This article will give you an idea of how long it takes to fit a bathroom, although obviously this is dependent on the level of work required. See my bathroom installation case studies for real timings.

When a new bathroom is installed, you are often left without basic facilities for the duration of the work so it is worthwhile knowing how long this period of disruption will last. This article will help you to build up an accurate picture of what you can expect.

For some tricks of the trade that will help you to reduce this time and also how to deal with the lack of facilities whilst the work is carried out please see tips to reduce bathroom installation times.

The best way to ensure that your installation finishes on time is to set a realistic timescale, which is dependent on your experience, the level of work required and the availability of the various tradesmen involved such as plumbers, tilers, plasterers, electricians & joiners (unless you go with a turnkey solution such as uk bathroom guru)

Factors to consider
1. Who is doing the work
Most projects will be carried out in 1 of the 3 following ways or a mixture of 2 of them:

a) DIY
This route will probably take the longest out of the 3 options listed here and is largely dependent on your experience / knowledge of the installation process and planning skills.

b) Employing tradespeople
This route should be quicker than DIY but is dependent on your ability to:

  • understand the work that is required – and crucially the order in which it should be carried out
  • source & line up reliable, qualified tradesmen e.g. a plumber, tiler, electrician & plasterer
  • ensure materials & tradesmen are available on site at the correct time.
  • communicate with & co-ordinate all of the trades involved & assign responsibilities clearly
  • manage the project as it progresses & deal with any issues that arise

c) Employing a turnkey provider e.g. uk bathroom guru
This route will probably be the quickest and will certainly be the easiest for you, as a single project manager oversees the project from start to finish, supplying all materials and managing their dedicated team through to completion (this is my business model).

You will only need to deal with one person and liability lies with one party – this can be extremely important as disagreements on renovation projects are very common, especially when responsibilities fall into the grey areas between the trades.

These teams will work together all the time and will have a clear understanding of each others roles and responsibilities, and should pull together better than a group of strangers you have assembled.

2. What you’re having done
Swopping a suite like for like is obviously going to be a lot quicker (& cheaper) to do than a full bathroom refurbishment which may include work with several different tradesmen:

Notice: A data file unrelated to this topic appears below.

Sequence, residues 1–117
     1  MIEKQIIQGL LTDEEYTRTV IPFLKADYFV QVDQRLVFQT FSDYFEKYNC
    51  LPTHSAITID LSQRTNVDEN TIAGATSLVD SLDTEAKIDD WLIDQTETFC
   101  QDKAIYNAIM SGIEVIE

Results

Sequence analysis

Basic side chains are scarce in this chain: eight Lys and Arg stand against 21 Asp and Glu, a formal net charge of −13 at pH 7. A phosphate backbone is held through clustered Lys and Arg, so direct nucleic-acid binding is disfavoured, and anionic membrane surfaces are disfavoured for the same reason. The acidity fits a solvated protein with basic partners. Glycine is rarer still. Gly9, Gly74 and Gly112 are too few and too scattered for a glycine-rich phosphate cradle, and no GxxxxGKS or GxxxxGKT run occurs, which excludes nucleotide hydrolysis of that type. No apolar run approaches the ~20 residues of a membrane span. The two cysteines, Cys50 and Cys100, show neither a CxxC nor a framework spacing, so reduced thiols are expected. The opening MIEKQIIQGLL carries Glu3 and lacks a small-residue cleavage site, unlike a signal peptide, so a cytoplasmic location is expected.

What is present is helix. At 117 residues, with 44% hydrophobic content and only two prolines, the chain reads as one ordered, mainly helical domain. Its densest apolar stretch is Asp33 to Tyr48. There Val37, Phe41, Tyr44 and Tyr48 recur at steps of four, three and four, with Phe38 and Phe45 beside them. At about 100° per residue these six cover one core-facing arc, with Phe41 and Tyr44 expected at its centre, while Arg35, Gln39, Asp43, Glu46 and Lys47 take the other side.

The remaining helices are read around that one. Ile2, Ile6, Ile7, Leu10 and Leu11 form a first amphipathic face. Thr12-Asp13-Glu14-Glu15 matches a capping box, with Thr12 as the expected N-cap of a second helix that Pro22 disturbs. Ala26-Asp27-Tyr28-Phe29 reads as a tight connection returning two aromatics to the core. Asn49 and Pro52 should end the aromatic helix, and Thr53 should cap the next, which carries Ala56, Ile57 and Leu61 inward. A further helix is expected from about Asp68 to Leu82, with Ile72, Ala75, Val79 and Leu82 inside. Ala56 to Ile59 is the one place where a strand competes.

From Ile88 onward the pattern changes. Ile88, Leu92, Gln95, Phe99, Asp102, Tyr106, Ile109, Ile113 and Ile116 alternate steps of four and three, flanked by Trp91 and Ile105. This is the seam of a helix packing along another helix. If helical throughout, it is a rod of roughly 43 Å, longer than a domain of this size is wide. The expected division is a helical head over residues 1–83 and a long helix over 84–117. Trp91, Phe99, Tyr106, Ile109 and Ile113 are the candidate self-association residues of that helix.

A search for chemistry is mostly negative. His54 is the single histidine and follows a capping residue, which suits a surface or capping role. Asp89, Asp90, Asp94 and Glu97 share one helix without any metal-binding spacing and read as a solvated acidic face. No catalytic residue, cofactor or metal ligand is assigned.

• builders (for structural work such as knocking down walls etc)
  • joiners
  • tilers
  • plasterers
  • electricians
  • plumbers
  • floor fitters

It sounds obvious (and it is) but the more work involved, the longer a job takes and the more expensive it is.

3. The position of the new suite vs. the existing one

When you move items such as a bath or basin, you will also need to move the supply pipework that feeds them. This will involve lifting floorboards and notching / drilling holes in the joists beneith to the new required positions. The pipework may even need to be run in the walls.

You may also have to run new waste pipes from these items into the soil vent pipe or hopper outside, which may require drilling new holes through your external walls.

This is a particularly difficult task for a DIYer to accomplish due to the investment needed in specific tools for this job such as a core drill (or SDS at a push) and core drill bits + arbors etc.

If you decide to move the toilet to a new position, another larger hole will need to be drilled into the external wall to accommodate where the soil pipe needs to enter the room (behind the toilet.)

4. Other factors
The list of other factors is potentially endless but point to consider may include:

  • Can the existing suite items be isolated via local isolation valves?
  • If not, can the main stop tap be easily accessed?
  • Can the hot water cylinder be isolated or are the gate valves seized open? i.e. will you have to drain the entire cylinder before working on hot pipework
  • Is there a drain off valve on your radiators or will you have to isolate and remove a radiator before draining the water from one of the valves?
  • Is your system gravity fed or not? If it is, bleeding radiators will take a long time
  • Can you get a skip in the drive or will it be down the street?
  • Is your bathroom on the ground floor of a bungalow or the 8th floor of a block of flats?

A straight forward bathroom suite swop may take a couple of days as it involves no more than swopping the existing bath, toilet & basin.

A more complete bathroom installation that may involve structural work, plumbing, electrics, gas, joinery, plastering, tiling and decorating may take 2 weeks (please see some case studies for more specific examples.)

For some tricks of the trade that will help you to reduce this time and also how to deal with the lack of facilities whilst the work is carried out please see tips to reduce bathroom installation times.

Also, please see my article entitled Top 5 Hidden bathroom installation costs to see examples of what additional work (that you may have not planned for) can occur.

Many thanks